Waveney Labour Group has called for the little known organisation responsible for delivering Norfolk and Waveney's health and social care to be opened up to greater public scrutiny.
The Norfolk and Waveney Sustainability and Transformation Partnership (STP) brings together health trusts, councils and voluntary organisations to develop a plan for delivering the region's health and social care services.
The Partnership is working out a plan for coping with pressures forced by the failure of Government spending to meet rising demand for health and social care. It is expected more than £300 million will need to be saved in Norfolk and Waveney over the next five years to make up for the short fall.
The STP aims to free up hospital beds by treating more people at home, using technology to manage health conditions remotely where possible, and promoting alternatives to conventional care, such as walking groups and befriending services provided by local organisations.
Surveys by the Eastern Daily Press have revealed little public awareness of the Partnership. 66.5% said they had never heard of the STP and 89% did not know how to make their voices heard.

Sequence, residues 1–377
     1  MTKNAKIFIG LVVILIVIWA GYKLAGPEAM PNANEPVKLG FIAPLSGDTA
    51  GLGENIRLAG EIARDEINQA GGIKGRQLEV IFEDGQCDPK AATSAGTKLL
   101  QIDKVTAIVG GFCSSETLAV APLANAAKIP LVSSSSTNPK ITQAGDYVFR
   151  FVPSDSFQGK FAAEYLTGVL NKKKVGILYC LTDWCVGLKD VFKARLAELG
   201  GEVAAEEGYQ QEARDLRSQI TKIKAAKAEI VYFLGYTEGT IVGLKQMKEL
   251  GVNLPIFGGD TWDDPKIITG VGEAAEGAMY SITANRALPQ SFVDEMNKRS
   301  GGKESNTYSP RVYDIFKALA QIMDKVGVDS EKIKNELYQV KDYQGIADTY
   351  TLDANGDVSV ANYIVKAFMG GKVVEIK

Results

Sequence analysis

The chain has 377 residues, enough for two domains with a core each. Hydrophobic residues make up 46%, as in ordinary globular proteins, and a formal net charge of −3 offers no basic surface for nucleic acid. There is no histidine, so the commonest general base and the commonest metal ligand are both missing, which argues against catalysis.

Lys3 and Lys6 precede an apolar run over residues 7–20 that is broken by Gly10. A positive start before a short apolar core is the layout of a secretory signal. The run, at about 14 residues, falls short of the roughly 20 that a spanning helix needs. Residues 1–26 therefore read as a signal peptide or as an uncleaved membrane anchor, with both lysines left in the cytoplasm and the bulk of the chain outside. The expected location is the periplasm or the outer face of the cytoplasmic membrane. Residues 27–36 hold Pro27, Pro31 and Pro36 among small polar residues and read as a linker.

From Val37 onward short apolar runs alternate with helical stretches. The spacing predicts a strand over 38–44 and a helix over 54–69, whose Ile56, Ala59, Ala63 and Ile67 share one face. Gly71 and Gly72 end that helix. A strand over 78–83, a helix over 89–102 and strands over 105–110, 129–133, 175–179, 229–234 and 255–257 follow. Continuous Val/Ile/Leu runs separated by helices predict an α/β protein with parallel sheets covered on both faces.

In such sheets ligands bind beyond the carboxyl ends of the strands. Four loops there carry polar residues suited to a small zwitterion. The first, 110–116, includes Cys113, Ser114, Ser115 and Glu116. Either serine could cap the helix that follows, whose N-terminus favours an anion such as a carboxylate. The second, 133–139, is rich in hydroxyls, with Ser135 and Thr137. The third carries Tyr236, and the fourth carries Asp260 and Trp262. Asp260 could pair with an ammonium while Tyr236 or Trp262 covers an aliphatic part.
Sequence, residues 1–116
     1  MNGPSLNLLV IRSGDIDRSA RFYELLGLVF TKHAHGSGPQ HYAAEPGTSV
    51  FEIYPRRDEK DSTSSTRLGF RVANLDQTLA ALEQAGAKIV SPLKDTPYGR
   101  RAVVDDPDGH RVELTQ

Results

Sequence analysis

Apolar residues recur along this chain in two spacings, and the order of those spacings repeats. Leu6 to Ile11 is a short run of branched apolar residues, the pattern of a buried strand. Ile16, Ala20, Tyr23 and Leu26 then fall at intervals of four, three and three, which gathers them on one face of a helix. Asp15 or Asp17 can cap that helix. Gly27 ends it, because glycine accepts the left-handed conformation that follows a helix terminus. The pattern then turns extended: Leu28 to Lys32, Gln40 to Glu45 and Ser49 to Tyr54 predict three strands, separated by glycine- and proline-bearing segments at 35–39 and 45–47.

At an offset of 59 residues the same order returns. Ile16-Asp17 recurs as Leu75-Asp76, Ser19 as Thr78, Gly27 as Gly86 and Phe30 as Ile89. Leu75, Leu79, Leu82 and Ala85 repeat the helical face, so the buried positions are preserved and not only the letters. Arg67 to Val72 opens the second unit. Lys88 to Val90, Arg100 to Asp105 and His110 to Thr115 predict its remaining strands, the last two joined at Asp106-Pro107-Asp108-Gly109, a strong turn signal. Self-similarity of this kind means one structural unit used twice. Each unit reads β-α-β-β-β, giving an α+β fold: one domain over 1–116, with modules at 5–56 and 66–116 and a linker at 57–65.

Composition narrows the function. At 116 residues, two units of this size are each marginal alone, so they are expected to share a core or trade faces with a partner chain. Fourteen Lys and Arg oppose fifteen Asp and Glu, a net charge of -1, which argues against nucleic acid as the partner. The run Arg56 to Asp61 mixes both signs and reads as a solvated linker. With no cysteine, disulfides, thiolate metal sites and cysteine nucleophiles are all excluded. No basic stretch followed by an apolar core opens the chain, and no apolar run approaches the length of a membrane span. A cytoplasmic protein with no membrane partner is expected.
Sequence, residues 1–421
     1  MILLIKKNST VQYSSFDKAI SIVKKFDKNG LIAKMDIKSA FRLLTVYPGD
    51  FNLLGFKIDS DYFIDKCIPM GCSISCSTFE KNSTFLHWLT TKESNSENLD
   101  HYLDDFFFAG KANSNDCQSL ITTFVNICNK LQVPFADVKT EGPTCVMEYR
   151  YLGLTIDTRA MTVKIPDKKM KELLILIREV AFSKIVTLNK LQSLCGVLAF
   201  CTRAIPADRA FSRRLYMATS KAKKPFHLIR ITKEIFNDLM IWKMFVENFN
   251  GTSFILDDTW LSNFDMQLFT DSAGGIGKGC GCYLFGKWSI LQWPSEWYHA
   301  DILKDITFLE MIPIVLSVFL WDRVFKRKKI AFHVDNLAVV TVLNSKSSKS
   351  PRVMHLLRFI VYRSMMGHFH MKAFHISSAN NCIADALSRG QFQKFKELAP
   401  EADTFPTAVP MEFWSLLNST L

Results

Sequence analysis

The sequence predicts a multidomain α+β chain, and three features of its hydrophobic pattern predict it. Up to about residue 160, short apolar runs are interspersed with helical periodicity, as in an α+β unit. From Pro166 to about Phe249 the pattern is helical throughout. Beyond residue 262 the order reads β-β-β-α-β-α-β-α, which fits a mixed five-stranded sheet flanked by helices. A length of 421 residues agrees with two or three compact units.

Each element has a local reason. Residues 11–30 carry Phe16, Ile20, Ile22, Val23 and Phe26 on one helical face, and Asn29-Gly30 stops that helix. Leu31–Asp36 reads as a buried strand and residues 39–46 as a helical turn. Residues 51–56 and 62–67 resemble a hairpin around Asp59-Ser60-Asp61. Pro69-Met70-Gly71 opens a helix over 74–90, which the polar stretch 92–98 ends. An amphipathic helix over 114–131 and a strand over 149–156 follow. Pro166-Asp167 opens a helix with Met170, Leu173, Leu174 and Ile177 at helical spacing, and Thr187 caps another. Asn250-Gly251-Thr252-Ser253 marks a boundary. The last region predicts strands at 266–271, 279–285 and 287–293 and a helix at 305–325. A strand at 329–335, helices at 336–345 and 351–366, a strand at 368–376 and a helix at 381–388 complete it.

Even Norfolk and Waveney STP executive head Antek Lejk has acknowledged a lack of openness, telling Norfolk's Health Overview and Scrutiny Committee last October that 'I have to confess the whole process about setting up the STP was in secret a bit, we were told not to be too involved in public debate.
Cllr Jane Murray, Waveney District Council member for Oulton, said: 'We are deeply concerned about the Norfolk and Waveney STP's lack of transparency. The Partnership must engage in more democratic consultation with patients, the public and health sector staff.'
'Just last month a governor at James Paget University Hospital resigned because of concern that patients and the public are not being given sufficient opportunity to discuss the Norfolk and Waveney STP.
'NHS England has - belatedly - produced guidance highlighting that wide public consultation is essential for the effectiveness and credibility of the programmes developed by STPs.'
Cllr Murray also expressed concern that the STP is establishing an Accountable Care Organisation (ACO) - a public-private sector partnership in which private health companies work with public authorities - to handle much of the region's health and social care budget.
Cllr Murray said: 'I fear a Norfolk and Waveney ACO is being developed in secrecy, totally contrary to the principle that the NHS be transparent and accountable in its decision making.
'I have called for public meetings to be held in Waveney as soon as possible to discuss the STP. I've been informed that the next meetings due to be held will not be open to the public, just to voluntary sector and patient representatives.
'If you are concerned about the future of our local and national health services join me in writing to the Secretary of Health, Jeremy Hunt and our MP Peter Aldous. Join the local Norfolk and Waveney campaigns, attend the engagement meetings and call for proper public consulation.'